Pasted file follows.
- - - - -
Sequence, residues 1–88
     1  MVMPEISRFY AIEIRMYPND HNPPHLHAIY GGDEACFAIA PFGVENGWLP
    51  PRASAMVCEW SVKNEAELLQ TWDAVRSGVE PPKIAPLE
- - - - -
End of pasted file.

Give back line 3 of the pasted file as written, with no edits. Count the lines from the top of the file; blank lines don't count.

    51  PRASAMVCEW SVKNEAELLQ TWDAVRSGVE PPKIAPLE